Detailed analysis by Dan McLaughlin:
[T]he most important dog that didnâ€™t bark here is presidential power. The courtâ€™s opinion did not conclude, or even suggest, that Trump lacked the power as president to issue the order. It didnâ€™t resolve that issue in Trumpâ€™s favor; it was just assumed it, since it ruled against him on other ground. …
[T]he court found that the government was not likely to win its case â€“ the standard on a preliminary injunction, before all the evidence has been heard â€“ on whether the executive order gave adequate due process protections to â€œlawful permanent residents and non-immigrant visaholdersâ€ who were barred from the country, again ignoring the fact that the Administration has stopped enforcing the order against lawful permanent residents and the fact that the states were also looking to enforce the injunction on behalf of refugees and others who had yet to be granted visas. The Supreme Court, in its 2015 decision in Kerry v. Din, left open the question of whether there is any due process right for foreign nationals to challenge the denial of a visa; Justices Scalia, Thomas and Chief Justice Roberts thought not, and in that case, Justices Kennedy and Alito didnâ€™t take a position on the issue because they found that adequate due process had been provided in that case. But the Ninth Circuit never addressed why people without an existing visa might have due process rights. …
[T]he court rejected the governmentâ€™s argument that a refugee ban was urgent, given the lack of any evidence submitted thus far in the case to support urgency. Thatâ€™s a bit of a Catch-22, since any evidence of imminent national security threats is likely classified and not properly offered to judges and litigants without security clearance, but the Administration should reconsider whether it has evidence of a more broad-based nature to support the breadth of its travel bans. Much of the opinionâ€™s coda deals with how early it is in the case, and how little opportunity any judge has had to give real review to any evidence. If the Trump Administration should learn one lesson from this debacle, itâ€™s that courts wonâ€™t accept bluster in place of evidence from an administration with which the judges are disinclined to sympathize. The court reached some bad rulings, but as the saying goes, hard cases make bad law. The Administration should try to avoid letting its cases be so hard when they donâ€™t need to be. But it should also be prepared for the fact that the courts are not likely to give it a fair shake.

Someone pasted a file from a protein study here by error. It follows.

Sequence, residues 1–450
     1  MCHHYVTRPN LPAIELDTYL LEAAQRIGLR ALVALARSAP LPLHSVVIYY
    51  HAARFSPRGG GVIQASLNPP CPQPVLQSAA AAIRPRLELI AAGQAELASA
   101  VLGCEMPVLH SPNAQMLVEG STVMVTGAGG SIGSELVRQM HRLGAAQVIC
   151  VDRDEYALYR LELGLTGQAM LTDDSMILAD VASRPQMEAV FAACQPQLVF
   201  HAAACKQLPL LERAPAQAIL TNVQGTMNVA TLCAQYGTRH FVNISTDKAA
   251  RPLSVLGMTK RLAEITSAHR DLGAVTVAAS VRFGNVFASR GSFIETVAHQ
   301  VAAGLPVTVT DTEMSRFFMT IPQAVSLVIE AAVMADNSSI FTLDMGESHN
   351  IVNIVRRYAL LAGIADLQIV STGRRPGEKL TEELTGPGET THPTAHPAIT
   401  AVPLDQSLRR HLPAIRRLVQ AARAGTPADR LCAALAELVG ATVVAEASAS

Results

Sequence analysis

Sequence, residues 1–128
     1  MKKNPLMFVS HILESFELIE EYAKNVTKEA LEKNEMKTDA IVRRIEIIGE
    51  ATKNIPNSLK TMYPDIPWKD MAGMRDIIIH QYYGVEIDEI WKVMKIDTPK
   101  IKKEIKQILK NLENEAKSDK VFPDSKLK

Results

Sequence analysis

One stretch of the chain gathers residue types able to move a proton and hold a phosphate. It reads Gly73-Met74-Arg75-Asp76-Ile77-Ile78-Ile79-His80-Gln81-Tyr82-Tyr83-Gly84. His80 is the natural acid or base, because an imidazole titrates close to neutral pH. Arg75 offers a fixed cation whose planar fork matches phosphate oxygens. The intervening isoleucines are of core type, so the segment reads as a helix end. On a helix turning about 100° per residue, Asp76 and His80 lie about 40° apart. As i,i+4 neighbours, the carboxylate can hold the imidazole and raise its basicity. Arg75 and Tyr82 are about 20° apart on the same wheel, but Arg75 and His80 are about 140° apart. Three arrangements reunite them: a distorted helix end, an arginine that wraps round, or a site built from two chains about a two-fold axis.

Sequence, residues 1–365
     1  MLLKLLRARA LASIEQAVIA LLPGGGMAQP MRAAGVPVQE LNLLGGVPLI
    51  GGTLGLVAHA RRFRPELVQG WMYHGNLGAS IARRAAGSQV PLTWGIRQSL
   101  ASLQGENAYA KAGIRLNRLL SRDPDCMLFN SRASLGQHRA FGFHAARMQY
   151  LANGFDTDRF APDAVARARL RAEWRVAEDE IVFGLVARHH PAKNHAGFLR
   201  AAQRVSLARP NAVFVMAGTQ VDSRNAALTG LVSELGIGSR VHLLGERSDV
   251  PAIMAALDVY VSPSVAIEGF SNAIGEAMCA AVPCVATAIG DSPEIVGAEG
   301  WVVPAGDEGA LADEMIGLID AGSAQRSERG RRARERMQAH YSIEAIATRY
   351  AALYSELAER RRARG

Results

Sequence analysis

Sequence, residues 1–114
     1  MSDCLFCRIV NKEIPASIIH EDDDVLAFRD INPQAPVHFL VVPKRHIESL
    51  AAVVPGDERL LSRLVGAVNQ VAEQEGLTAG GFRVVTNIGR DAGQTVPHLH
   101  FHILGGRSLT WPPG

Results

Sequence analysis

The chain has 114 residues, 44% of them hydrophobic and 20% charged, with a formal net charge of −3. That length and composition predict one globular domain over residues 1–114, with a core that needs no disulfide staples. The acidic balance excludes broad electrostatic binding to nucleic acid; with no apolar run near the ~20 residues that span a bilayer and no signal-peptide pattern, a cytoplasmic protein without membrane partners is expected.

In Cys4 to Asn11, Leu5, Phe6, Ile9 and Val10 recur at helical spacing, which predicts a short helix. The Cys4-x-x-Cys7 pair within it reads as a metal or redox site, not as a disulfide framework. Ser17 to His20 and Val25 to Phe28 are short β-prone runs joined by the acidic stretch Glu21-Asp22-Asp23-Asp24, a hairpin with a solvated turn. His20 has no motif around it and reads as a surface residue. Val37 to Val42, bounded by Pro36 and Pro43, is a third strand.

Read the whole thing.
A good remedy would be to break up the 9th Circuit. Fox News reports.
As judges on the 9th Circuit Court of Appeals weigh the legality of President Trumpâ€™s immigration executive order, a Republican push to split up the controversial court — and shrink its clout — is gaining steam on Capitol Hill.
Republican Sens. Jeff Flake and John McCain of Arizona introduced legislation last month to carve six states out of the San Francisco-based court circuit and create a brand new 12th Circuit.
They argue that the 9th is too big, too liberal and too slow resolving cases. If they succeed, only California, Oregon, Hawaii and two island districts would remain in the 9th’s judicial fiefdom.
Right now, Flake said, the circuit is far too sprawling.
â€œIt represents 20 percent of the population — and 40 percent of the land mass is in that jurisdiction. Itâ€™s just too big,â€ Flake told Fox News on Wednesday. â€œWe have a bedrock principle of swift justice and if you live in Arizona or anywhere in the 9th Circuit, you just donâ€™t have it.â€
Flake says it typically takes the court 15 months to hand down a decision.
â€œItâ€™s far too long,â€ he added.
Conservatives have mocked the 9th Circuit for years, often calling it the â€œNutty 9thâ€ or the â€œ9th Circus,â€ in part because so many of its rulings have been overturned by the U.S. Supreme Court.
The court has a reputation as one of the most liberal in the country, in large part because of its makeup. Eighteen of the courtâ€™s 25 active judges have been appointed by Democrats.